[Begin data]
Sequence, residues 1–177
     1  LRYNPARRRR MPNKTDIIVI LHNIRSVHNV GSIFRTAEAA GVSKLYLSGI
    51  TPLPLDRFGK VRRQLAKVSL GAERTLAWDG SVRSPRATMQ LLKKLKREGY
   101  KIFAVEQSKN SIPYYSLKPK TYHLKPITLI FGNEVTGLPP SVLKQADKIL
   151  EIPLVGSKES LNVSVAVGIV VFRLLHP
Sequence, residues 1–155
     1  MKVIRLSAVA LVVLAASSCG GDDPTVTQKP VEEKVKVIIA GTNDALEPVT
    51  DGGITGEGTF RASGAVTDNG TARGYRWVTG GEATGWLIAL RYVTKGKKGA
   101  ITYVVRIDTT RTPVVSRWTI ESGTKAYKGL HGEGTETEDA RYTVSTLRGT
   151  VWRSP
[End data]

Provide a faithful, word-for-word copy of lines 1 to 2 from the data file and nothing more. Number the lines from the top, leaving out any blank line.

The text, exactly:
Sequence, residues 1–177
     1  LRYNPARRRR MPNKTDIIVI LHNIRSVHNV GSIFRTAEAA GVSKLYLSGI